It's been more than 30 years since UC Berkeley researchers first suggested that the extinction of the dinosaurs was probably linked to a massive comet or asteroid impact, known as Chicxulub, off the Yucatan coast. The idea was that the collision from space, which left a 110-mile-wide crater off the coast of Mexico, would have cast off debris that wrapped all the way around Earth, altering the climate and resulting in the global extinction.
But that story hasn't passed muster everywhere. Because different methods of estimating when the extinction and the impact occurred have yielded different answers -- some studies concluded that the asteroid hit as much as 300,000 years before dinosaurs went extinct -- some people have argued that other circumstances, including volcanic eruptions or climate change, must have had more to do with the dinosaurs' end than a whopper of an asteroid.
Now, using highly refined methods of determining the ages of rocks, another team from Berkeley has demonstrated that the extinction and the impact occurred at almost exactly the same time: just over 66 million years ago. They reported their findings (abstract free, subscription required for full text) Thursday in the journal Science.
"The impact was clearly the final straw that pushed the Earth past the tipping point," said study lead author and UC Berkeley earth scientist Paul Renne, in a statement. "We have shown that these events are synchronous to within a gnat's eyebrow."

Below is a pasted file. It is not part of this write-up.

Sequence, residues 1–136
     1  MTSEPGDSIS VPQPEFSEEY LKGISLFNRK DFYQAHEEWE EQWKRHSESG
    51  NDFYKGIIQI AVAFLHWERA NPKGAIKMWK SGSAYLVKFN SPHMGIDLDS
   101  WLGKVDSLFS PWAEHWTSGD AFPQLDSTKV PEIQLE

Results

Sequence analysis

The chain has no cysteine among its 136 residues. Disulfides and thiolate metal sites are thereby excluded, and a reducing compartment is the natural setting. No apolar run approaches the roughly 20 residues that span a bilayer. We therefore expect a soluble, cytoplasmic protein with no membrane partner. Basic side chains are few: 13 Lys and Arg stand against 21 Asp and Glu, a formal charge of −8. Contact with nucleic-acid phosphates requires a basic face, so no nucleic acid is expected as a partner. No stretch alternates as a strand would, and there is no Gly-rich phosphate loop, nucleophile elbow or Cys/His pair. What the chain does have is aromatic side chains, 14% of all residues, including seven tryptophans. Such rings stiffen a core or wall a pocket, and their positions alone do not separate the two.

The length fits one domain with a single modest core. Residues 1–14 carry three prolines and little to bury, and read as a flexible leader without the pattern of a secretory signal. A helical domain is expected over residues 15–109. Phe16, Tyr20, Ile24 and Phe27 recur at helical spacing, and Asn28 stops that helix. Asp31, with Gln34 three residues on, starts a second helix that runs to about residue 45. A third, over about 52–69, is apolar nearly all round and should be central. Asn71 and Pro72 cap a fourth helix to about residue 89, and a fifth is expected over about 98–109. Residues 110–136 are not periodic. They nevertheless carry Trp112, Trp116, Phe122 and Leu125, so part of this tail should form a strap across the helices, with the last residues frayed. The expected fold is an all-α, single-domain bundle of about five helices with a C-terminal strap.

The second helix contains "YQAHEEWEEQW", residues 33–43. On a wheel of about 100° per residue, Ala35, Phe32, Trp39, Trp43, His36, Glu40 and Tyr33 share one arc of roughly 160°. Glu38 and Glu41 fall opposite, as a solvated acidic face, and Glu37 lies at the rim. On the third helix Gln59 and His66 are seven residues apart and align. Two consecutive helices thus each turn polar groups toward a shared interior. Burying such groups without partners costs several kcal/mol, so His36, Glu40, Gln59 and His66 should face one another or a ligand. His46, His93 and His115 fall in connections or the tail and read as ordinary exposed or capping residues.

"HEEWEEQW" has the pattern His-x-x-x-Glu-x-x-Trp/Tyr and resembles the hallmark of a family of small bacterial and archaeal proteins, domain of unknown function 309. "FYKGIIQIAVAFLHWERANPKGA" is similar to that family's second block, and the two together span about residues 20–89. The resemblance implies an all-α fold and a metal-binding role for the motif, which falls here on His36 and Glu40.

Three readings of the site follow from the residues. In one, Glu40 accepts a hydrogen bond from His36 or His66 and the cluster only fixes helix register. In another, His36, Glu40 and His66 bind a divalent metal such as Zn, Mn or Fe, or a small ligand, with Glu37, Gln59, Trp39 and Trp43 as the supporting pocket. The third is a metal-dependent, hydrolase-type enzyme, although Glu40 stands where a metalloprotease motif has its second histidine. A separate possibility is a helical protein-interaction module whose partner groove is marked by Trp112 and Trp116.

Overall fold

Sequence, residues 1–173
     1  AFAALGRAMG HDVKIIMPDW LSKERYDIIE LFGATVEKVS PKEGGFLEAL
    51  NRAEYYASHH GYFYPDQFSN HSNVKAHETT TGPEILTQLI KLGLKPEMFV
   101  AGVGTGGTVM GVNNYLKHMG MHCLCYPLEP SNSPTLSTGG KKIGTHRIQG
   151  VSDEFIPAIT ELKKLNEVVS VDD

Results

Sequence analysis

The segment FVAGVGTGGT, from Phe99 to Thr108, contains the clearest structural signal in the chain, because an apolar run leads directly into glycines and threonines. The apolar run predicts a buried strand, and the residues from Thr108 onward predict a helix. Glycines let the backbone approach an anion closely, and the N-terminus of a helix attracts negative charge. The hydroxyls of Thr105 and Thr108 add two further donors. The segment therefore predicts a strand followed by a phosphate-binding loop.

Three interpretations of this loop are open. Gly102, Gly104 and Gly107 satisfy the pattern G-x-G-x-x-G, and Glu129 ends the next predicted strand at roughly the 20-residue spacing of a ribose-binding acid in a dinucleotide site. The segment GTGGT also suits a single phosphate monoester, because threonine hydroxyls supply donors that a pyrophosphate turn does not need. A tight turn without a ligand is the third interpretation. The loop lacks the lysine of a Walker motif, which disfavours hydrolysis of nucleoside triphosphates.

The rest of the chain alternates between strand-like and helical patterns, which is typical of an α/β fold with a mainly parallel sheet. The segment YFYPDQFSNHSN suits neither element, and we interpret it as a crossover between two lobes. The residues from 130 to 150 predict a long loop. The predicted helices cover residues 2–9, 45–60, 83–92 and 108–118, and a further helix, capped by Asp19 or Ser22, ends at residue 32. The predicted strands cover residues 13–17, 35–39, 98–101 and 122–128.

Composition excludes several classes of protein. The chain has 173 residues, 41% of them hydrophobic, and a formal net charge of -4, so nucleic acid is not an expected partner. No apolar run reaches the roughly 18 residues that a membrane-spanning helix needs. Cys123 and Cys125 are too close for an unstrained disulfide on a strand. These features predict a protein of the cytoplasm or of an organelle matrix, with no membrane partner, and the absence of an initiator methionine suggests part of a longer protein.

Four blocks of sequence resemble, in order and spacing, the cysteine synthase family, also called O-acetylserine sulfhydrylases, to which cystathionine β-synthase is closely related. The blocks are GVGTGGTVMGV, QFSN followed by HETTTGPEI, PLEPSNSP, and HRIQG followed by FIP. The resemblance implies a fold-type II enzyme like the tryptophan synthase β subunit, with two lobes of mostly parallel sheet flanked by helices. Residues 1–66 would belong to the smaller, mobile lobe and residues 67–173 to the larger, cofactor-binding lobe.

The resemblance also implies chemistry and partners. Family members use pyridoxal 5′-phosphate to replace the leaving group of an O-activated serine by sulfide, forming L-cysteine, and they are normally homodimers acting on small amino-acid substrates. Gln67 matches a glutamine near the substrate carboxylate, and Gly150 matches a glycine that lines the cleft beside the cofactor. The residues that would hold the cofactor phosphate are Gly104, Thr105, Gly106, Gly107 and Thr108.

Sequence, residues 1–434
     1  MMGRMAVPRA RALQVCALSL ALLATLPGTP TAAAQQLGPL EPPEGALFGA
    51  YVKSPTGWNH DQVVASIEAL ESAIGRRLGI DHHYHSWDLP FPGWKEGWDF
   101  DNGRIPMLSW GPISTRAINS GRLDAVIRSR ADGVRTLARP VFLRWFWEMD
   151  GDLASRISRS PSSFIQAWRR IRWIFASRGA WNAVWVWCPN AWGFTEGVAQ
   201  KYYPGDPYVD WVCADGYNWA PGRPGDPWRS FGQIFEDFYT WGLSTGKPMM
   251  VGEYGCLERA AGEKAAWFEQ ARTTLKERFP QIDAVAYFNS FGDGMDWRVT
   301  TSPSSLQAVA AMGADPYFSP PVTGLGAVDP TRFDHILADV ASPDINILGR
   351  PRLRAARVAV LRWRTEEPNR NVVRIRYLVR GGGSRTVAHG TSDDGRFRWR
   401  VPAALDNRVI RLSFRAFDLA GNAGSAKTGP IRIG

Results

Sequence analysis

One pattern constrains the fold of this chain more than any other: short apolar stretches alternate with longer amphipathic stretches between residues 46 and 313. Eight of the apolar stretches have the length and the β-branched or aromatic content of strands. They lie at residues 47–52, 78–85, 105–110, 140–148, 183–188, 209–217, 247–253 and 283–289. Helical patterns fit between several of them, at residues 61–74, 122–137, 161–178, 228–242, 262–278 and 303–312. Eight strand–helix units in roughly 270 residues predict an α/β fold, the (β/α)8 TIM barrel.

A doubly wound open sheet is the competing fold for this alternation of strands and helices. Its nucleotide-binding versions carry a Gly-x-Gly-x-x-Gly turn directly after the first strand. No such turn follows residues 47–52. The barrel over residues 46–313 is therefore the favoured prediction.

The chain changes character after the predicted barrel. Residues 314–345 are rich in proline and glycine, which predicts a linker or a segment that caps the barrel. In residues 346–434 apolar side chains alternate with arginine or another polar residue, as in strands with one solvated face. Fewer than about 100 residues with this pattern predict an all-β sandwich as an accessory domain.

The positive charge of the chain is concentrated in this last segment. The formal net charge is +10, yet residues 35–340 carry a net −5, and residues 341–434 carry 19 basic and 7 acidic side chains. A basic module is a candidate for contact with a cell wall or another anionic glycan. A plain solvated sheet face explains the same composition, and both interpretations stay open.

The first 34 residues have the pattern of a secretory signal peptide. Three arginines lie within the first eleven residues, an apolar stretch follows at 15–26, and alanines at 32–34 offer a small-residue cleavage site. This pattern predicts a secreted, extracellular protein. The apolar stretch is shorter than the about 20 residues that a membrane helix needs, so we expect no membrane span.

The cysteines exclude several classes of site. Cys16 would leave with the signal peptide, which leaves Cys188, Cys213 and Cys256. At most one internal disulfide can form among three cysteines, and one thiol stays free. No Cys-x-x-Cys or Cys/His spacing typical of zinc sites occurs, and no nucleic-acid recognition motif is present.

To arrive at the more accurate dates, Renne and his team looked at isotopes of argon in rocks created by the Chicxulub impact, known as tektites, found in Haiti. The scientists also used the dating technique to assign an age to altered volcanic ash deposits from the Hell Creek Formation in Montana that are known to coincide with the boundary between the Cretaceous period, when dinosaurs like Tyrannosaurus rex and Velociraptor still roamed Earth, and the Paleogene period, when they disappeared.
The results showed that the impact and the extinctions happened at essentially the same time, within the range of uncertainty in the measurements. In their paper, the scientists suggested that brief cold snaps in the late Cretaceous period had already put stress on "a global ecosystem that was well adapted to the long-lived preceding Cretaceous hothouse climate." The asteroid pushed the ecosystem over the edge, they said.
The new dating technique doesn't resolve all of the questions that remain about dinosaur extinction, wrote University of Bremen climate researcher Heiko Pälike, in an article accompanying the study (abstract available here.)
Pälike, who was not involved in the UC Berkeley research, wrote that the next challenge would be to apply the new dating techniques to learn more about volcanism during the period and its influence on the mass extinction.